About 150 people gathered on the lawns of the Federal Parliament House on March 21 to protest the Federal Government's proposed mandatory internet filter. Most of the people who gathered were Canberra locals.
Speakers included John Kaye from the Greens, Fiona Patten from the Sex Party, and Jim Stewart from Search Engine Optimisation company Stewartmedia.biz.
The rally was pretty much "preaching to the converted" according to one participant talking on twitter, with another suggesting Garema Place in Civic would have been a better location with more people around.
The issue of internet filtering has been brought to the fore by the Australian Communications and Media Authority (ACMA) banning wikileaks.org for publishing a purported Internet blacklist deriving from ACMA. An examination of the list published on Wikileaks by Electronic Frontiers Australia shows while some sites contained illegal material involving minors, a majority were blocked for other reasons. Sites blocked included YouTube videos, a MySpace profile, online poker parlours and a site containing euthanasia information, an anti-abortion site (ACMA declares anti-abortion site 'prohibited content'), as well as many apparently harmless sites such as that of a tour operator, a dentist and a satirical encyclopedia.
"The leaking of the list has confirmed some of our worst fears," said EFA Vice-Chair Colin Jacobs on the EFA website. "This was bound to happen, especially as mandatory filtering would require the list to be distributed to ISPs all around the country. The Government is now in the unenviable business of compiling and distributing a list which includes salacious and illegal material and publicising those very sites to the world."
"Now that we have seen the list, it is clearly not the perfect weapon against child-abuse it has been made out to be," said Jacobs. "Many of the sites clearly contain only run-of-the-mill adult material, poker tips, or nothing controversial at all. Even if some of these sites may have been defaced at the time they were added to the list, how would the operators get their sites removed if the list is secret and no appeal is possible?"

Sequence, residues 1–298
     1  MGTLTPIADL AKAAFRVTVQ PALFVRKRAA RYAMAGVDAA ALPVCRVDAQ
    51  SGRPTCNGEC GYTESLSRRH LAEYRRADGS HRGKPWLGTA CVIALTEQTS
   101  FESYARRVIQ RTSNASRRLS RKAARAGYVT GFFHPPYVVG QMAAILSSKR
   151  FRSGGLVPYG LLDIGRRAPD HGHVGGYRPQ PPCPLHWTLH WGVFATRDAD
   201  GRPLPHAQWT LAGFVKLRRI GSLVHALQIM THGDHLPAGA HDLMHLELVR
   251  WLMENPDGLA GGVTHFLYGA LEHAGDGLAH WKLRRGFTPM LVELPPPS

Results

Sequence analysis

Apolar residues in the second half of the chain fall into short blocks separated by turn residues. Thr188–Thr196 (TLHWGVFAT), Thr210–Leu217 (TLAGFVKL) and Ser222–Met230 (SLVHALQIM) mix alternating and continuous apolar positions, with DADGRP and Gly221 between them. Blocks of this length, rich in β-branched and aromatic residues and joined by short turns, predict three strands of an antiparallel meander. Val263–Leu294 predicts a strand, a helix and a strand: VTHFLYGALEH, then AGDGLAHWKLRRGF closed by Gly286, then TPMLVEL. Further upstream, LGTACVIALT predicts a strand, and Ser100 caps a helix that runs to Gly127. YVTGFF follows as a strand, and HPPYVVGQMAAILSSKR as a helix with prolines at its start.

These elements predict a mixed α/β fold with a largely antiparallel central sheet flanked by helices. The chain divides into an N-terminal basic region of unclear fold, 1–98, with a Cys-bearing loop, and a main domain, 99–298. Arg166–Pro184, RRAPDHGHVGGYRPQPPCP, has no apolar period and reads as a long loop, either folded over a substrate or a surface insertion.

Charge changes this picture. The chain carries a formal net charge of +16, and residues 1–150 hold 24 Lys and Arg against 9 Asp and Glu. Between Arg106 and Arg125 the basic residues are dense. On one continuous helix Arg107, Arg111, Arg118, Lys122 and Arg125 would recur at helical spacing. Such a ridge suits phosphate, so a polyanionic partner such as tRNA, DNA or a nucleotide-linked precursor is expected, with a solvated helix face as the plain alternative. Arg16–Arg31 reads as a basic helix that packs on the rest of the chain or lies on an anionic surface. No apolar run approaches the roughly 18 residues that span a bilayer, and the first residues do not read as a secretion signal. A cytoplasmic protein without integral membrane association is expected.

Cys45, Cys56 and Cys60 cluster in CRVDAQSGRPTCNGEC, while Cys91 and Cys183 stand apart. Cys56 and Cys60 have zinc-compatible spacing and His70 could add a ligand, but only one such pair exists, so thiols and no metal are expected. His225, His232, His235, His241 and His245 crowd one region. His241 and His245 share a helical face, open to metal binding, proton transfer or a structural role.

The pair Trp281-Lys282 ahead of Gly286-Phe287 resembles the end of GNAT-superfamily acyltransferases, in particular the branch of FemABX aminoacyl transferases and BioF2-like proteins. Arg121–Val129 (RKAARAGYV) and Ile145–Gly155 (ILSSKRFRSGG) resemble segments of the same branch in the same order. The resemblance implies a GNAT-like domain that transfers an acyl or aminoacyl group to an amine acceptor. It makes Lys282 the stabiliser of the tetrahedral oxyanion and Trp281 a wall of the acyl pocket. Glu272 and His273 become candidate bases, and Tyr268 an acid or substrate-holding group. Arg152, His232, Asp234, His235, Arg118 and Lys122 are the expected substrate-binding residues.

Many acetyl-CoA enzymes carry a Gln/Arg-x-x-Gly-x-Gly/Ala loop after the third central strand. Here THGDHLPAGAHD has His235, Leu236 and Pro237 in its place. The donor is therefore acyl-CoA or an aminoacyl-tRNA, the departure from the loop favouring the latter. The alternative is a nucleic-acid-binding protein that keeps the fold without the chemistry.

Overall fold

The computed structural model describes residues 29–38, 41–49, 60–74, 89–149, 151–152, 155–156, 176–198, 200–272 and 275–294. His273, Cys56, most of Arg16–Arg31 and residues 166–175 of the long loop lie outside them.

"Controlling the spread of information on the internet is not as simple as some in government would like to believe," said Jacobs. "The leaking of this blacklist is a timely lesson in this, and we hope the Government will take this to heart before imposing a filter on the entire country.”
According to Stephen Conroy's answers to questions on notice from Greens Senator Scott Ludlam only around half of the sites on the list included content relating to child abuse material.
Political censorship under threat of $11,000 fines per day have already ocurred with ACMA issuing a notice on 10 March to remove a banned link to an anti-abortion page from Whirlpool Forums host, Bulletproof Networks. Whirpool has complied with the notice.
Wikileaks has since published an updated blacklist dated 18 March 2009 with 1170 URLS, including Betfair, The Peaceful Pill Handbook, Redtube, AbbyWinters, IShotMyself, TheHun and xTube, and a ballroom dancing site guestbook on the list.
At the moment, the blacklist is provided to the makers of content filtering software and systems on trial by certain Internet Server Providers (ISPs). Under the mandatory filtering plan proposed, all Internet connections would be filtered. According to the Communications Minister Senator Stephen Conroy "A final decision on the extent of the content filtering proposal will be determined after the conclusion of technical feasibility trials."
Sources and Background:
- Campaign website - nocleanfeed.com
- Jim Stewart, March 17, 2009 - Youtube video - Australia Blacklists Free Speech
- Jim Stewart, Oct 29, 2008 - Youtube embedded video -
Government Internet Filter or clean feed
- Youtube Search results - NoCleanFeed
- ACMA media release 34/2009 – 19 March - ACMA list of prohibited and potentially prohibited overseas hosted content
- Electronic Frontiers Australia, March 19, 2009 - Leaked Government blacklist confirms worst fears
- Blog by Mike Meloni - Somebody Think of the Children